Nonetheless, vertical gardens aren’t suitable for all herbs. So, to avoid unpleasant surprises, start by planting sage, basil, mint, oregano, thyme, rosemary, or lemon balm. Make sure to plant species that require less water at the top and those that thrive in damp conditions at the bottom of your vertical garden. Also, consider grouping them according to their origin. For example, Mediterranean herbs usually require more light and less watering, so you can place them atop the garden.

Hanging Herb Garden

Another practical solution for small spaces is a hanging herb garden. It requires a small effort when it comes to installation, yet it is a fun gardening solution. All you need are hooks or poles fixed on a wall and pots or containers suitable for hanging. Light clay pots with firm ropes, metal buckets with chains, wooden boxes, or hanging baskets of various shapes and designs will make an interesting addition to your kitchen, porch, or balcony. 

Another positive side of growing herbs in such a hanging garden is the possibility of moving them around. You can keep it outside while the weather is favourable, move it inside once it gets cold, and have fresh herbs all year round.

Hanging pots and containers are suitable for growing nearly any herb. However, it’s always best to start with safe choices such as dill, parsley, marjoram, rosemary, lavender, chives, mint, basil, or oregano.

Self-Watering Mini Herb Garden

The most common mistake inexperienced gardeners make is to underwater or overwater the plants. Making a self-watering garden will help you resolve this issue. There are different ways to create this type of garden, and most of them include nothing more than a couple of kitchen supplies. 

For instance, you can create a self-watering windowsill garden with a jar, a tea strainer that can fit into a jar (or a small pot with multiple drainage holes), and a piece of rope. Place a piece of rope in a tea strainer so the ends dangle over the edges and plant the selected herb. Fill the jar with water just enough so the ends of the rope can reach it, and place the tea strainer so it stays above it. The plant will get the necessary water through the rope, and all you’ll need is to refill the jar from time to time. 

You can achieve a similar effect by using a plastic bottle and a piece of rope or fabric. And, if you prefer more elegant solutions, there are various self-watering pots and inserts you can buy in almost any shop that sells garden tools.

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potted herbs

Raised Garden Beds

If you already have an outdoor herb garden that needs some expanding and refreshing, raised garden beds might be the solution you’ve been looking for. These box-like constructions made from wood, bricks, stone, or even concrete represent constrained planting areas that provide better drainage, accessibility, and overall control over your crops.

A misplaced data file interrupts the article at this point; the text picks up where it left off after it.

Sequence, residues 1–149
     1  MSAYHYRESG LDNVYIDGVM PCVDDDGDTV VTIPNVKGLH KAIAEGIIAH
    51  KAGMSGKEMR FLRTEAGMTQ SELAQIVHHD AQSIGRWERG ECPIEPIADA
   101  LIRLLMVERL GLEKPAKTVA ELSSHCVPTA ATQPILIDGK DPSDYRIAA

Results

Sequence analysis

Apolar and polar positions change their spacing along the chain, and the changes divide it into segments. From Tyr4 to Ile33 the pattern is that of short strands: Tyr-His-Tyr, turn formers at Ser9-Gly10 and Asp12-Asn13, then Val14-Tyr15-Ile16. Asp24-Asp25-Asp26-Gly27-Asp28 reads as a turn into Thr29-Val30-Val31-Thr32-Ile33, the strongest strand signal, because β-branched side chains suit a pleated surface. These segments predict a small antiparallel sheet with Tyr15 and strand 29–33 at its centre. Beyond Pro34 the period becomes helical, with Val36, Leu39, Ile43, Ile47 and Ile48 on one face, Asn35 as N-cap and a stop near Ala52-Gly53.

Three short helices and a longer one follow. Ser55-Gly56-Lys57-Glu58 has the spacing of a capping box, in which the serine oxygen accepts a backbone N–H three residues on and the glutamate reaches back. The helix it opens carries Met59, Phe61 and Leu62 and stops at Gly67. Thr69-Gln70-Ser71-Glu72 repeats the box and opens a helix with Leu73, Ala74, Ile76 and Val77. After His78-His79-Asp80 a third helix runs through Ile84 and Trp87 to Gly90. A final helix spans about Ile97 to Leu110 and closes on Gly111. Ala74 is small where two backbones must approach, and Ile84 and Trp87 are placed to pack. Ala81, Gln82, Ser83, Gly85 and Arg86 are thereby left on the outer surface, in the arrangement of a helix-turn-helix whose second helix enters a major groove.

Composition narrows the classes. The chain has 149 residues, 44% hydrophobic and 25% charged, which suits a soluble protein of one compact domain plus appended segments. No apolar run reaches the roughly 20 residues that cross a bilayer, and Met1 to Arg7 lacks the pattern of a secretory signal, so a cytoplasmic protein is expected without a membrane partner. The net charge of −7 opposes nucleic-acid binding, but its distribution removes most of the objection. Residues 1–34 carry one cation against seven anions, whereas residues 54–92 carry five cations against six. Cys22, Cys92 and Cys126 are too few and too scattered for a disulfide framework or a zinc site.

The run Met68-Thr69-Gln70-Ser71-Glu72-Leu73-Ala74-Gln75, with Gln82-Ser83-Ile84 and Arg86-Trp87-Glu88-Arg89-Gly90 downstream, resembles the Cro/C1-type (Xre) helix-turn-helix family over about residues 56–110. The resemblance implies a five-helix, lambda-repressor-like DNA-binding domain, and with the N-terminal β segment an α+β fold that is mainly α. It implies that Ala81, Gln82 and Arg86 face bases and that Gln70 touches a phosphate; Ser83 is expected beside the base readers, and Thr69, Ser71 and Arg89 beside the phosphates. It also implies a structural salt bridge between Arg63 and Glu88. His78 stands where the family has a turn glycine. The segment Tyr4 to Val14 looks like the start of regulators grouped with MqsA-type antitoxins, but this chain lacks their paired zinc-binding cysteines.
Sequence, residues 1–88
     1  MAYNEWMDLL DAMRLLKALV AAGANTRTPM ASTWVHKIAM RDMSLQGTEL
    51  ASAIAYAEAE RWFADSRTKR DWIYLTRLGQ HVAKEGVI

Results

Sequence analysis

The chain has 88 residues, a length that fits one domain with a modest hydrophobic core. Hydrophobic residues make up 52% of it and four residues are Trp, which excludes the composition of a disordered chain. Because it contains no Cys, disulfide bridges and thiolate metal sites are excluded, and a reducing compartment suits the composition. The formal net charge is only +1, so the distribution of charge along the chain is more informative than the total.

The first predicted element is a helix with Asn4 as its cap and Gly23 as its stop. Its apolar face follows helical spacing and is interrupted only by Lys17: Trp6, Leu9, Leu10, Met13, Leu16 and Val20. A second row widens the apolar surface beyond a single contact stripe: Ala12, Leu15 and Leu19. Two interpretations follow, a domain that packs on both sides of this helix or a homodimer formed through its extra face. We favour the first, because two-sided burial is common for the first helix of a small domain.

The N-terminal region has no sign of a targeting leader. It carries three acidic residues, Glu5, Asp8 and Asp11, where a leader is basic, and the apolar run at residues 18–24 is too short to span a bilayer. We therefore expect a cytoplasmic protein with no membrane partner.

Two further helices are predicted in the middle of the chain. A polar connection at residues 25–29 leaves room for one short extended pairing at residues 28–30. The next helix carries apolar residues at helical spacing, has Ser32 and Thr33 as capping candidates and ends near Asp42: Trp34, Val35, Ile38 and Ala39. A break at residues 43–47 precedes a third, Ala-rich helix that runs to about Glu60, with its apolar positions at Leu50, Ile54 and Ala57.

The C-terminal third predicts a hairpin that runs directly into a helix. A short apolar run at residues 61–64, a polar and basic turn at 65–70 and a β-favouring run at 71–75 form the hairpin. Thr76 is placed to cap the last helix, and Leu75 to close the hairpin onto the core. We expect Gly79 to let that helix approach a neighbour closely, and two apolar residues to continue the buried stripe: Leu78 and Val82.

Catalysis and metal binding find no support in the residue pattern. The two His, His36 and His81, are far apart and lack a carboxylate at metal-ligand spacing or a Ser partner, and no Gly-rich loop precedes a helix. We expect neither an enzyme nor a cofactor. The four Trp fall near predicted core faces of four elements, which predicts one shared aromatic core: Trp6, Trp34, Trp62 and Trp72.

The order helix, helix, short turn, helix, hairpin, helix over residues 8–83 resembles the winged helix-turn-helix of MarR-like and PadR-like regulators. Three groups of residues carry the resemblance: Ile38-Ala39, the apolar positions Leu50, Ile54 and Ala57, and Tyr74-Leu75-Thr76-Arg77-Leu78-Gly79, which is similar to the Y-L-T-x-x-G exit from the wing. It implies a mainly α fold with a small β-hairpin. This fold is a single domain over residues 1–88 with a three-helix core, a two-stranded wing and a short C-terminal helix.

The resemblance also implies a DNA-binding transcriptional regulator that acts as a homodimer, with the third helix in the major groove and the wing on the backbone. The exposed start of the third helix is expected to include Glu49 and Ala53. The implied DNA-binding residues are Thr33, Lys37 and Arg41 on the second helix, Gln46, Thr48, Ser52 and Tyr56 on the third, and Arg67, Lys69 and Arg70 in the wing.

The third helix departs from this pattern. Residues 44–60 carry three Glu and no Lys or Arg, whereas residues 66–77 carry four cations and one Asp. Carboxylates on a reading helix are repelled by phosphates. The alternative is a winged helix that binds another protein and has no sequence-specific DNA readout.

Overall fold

You can build raised beds on any surface — from grass to gravel, and they can come in any dimensions you need them to be. The size of the garden bed will depend on the number and type of plants you wish to cultivate. Another advantage of this gardening technique is that you can fill the beds with soil suitable for specific plants. For example, rosemary will thrive in loam, while bay prefers chalk.  

Raised beds are suitable for cultivating all types of herbs. You can use them to grow different species separately or plant them all together and even make them companion plants to other crops.

Greenhouse Herb Garden

Greenhouses are sources of fresh herbs and vegetables all year round. They can be used for mass production or personal needs. A traditional greenhouse is a shed-like construction covered with see-through plastic or glass. It is designed to regulate growing conditions such as temperature and humidity and is a perfect shelter for plants during autumn and winter.

There are many different types of greenhouses. So, before you decide whether to build one or not, ask yourself how much space can you spare for planting areas, what species you wish to grow, and for what purpose. If you have enough room in your backyard, try building a traditional greenhouse. However, if your space is limited and you are looking for a way to grow herbs indoors, there are some interesting portable greenhouse solutions you can either build yourself or purchase in specialised garden stores.

Greenhouses are suitable for growing all herbs — marjoram, sage, basil, rosemary, dill, lavender, chives, mint, parsley, and tarragon.

Upcycled Herb Garden

Garden upcycling has become quite popular in recent years and for good reasons. It is a great way to repurpose items that lost their use and save money on pots and containers. So, before you start throwing old things away, consider whether they could be used as a pot, plant stand, or a part of a wall for raised garden beds.